A sign reminds visitors to Arlington Cemetery about proper behavior, Arlington, Va.

Cemetery in snow, shot on 35 millimeter film in January 1977, Ashland, Ky.

Stones mark military graves in Section 51 of Green Lawn Cemetery in Columbus, Ohio. Most buried in that section died before 1910.

U.S. Army sentinel protects the Tomb of the Unknowns, Arlington Cemetery, Arlington, Va.

Graves of American dead from the June 6, 1944 D-Day invasion line a hill overlooking the English Channel at the Normandy American Cemetery and Memorial, Omaha Beach, Colleville-sur-Mer, Normandy, France.

Gravestones stand in lines in Arlington National Cemetery, Arlington, Va.

The graveyard behind Circular Congregational Church (in background) on Meeting Street in Charleston, S.C., has been in use since 1681.

A chapel is surrounded by graves in Arlington National Cemetery, Arlington, Va.

A stone in Lexington Cemetery in Lexington, Ky., carries a family name as well as identifying its surroundings.

The cemetery beside Trinity Church on Broadway in New York City stands in front of the American Stock Exchange building.

The Washington Monument is visible behind graves in Arlington Cemetery, Arlington, Va.

Stones mark military graves in Section 51 of Green Lawn Cemetery in Columbus, Ohio. Most buried in that section died before 1910.

The Circular Church Graveyard, which is located behind Circular Congregational Church on Meeting Street in Charleston, S.C., has been in use since 1681. In the background is the steeple of St. Philip's Episcopal Church.

The view from the stage of the Memorial Amphitheater, Arlington National Cemetery, Arlington, Va.

Stones mark military graves in Section 51 of Green Lawn Cemetery in Columbus, Ohio. Most buried in that section died before 1910.

A walkway overlooks the English Channel at the Normandy American Cemetery and Memorial, Omaha Beach, Colleville-sur-Mer, Normandy, France.

Stones mark military graves in Section 51 of Green Lawn Cemetery in Columbus, Ohio. Most buried in that section died before 1910.

Looking up at the ceiling in Memorial Amphitheater, Arlington National Cemetery, Arlington, Va.

A Confederate cemetery on Johnson's Island,, in Lake Erie's Sandusky Bay, served as a burial ground for Confederate soldiers held in a prison on the island during the Civil War.

Gravestones line a hillside in Arlington National Cemetery, Arlington, Va.

04.22/Cemeteries

Cemeteries should be very solemn places, but I’m amazed how many people don’t know how to behave when visiting cemeteries. 

I’ve spent time through the years photographing cemeteries. It may seem like an odd interest, but cemeteries are beautiful places for photography. Green grass, trees and grave stones provide an endless array of interesting compositions for a photographer. And cemeteries are an excellent place to photograph birds, another interest of mine.

But when I’m doing photography in a cemetery I suddenly become aware of just how loud a camera shutter release can be. When everything around me is extremely quiet, the click of the camera shutter seems to roll across the surroundings like the sound of a cannon firing.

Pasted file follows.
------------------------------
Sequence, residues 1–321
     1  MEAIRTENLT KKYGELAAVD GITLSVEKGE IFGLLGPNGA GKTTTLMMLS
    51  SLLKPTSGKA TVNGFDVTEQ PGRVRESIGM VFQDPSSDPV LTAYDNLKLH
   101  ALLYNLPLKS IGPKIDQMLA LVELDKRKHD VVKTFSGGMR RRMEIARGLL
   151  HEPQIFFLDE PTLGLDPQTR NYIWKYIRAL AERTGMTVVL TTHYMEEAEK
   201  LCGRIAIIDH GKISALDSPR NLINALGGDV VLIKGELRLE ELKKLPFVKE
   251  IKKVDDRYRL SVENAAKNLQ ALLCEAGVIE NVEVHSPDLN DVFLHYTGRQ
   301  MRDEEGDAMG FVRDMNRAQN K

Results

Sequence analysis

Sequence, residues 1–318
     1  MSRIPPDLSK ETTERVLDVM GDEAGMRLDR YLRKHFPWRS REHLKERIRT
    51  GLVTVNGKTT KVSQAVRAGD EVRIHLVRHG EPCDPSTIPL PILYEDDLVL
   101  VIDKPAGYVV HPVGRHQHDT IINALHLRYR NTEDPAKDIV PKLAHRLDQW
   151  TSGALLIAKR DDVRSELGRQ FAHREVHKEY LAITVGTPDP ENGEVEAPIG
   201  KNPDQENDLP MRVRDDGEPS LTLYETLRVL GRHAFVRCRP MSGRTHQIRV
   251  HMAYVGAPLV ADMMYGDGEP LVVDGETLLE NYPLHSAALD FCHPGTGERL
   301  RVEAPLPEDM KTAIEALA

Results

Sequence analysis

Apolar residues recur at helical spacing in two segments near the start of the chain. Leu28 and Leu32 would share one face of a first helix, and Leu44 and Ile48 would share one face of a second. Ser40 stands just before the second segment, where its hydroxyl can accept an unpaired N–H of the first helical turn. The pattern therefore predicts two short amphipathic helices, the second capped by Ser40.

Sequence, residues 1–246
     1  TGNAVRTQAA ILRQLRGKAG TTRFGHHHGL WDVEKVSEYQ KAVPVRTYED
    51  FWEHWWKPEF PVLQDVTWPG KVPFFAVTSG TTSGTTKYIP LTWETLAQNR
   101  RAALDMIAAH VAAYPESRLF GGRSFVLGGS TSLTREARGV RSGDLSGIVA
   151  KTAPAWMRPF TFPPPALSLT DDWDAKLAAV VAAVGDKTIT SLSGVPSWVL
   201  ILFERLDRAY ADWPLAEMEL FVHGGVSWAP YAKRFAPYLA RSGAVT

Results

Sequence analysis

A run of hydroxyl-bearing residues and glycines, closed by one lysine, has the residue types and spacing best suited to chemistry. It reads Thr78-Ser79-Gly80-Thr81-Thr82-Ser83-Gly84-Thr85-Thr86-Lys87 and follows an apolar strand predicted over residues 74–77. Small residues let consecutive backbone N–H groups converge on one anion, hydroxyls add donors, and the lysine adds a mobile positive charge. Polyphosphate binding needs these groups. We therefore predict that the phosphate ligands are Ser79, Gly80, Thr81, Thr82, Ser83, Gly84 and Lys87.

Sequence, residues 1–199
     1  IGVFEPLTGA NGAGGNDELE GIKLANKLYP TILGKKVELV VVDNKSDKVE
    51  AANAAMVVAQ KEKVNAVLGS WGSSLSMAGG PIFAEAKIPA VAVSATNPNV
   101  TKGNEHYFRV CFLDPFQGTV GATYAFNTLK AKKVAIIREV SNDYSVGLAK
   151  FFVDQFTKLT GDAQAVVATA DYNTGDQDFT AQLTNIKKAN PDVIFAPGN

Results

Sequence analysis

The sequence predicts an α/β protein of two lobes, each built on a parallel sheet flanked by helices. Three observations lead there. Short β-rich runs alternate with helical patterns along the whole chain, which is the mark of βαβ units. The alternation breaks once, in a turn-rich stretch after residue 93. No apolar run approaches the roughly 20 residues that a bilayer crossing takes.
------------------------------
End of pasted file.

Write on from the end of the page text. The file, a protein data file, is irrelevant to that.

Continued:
That’s the reason I try to stay far away from people when I’m doing photography in a cemetery.

Cemeteries should be very solemn places, but I’m amazed how many people don’t know how to behave when visiting cemeteries. Arlington National Cemetery has placed signs throughout to remind people that the cemetery is a place for silence and respect. 

Even with reminder signs there are still people who misbehave.

For instance, there was the woman who posted a photo on Facebook of her yelling while giving “the finger” toward one of the “silence and respect” signs at Arlington. Her employer didn’t find it humorous. 

And there was the video that went viral, showing a guard at the Tomb of the Unknowns forcefully chastising people who were talking very loudly in the small amphitheater overlooking the tomb.

This behavior in a cemetery is troubling, but it fits in with the lack of respect for social norms that I see almost daily. It seems as if American society has become less respectful through the years, focusing more on “what I want” than “what is right.”

When I read about the behavior issues in Arlington National Cemetery I immediately thought of my mom and dad. Every year on Memorial Day we would go to the local cemetery to place flowers on graves of relatives, some that I remembered and some that had passed before I was born. My parents stressed the importance of proper behavior in the cemetery: no loud talking or laughing, no running, no sitting/standing/leaning on grave markers or monuments. In other words, show respect. A cemetery is a place of mourning, a place of remembrance, they said. It isn’t a playground.

I’ve never forgotten. Apparently others have … or they never learned in the first place.

If my mother knew about this behavior she’d be spinning in her grave, unless she had already been disturbed by a cemetery visitor talking loud enough to wake the dead.

End of rant.

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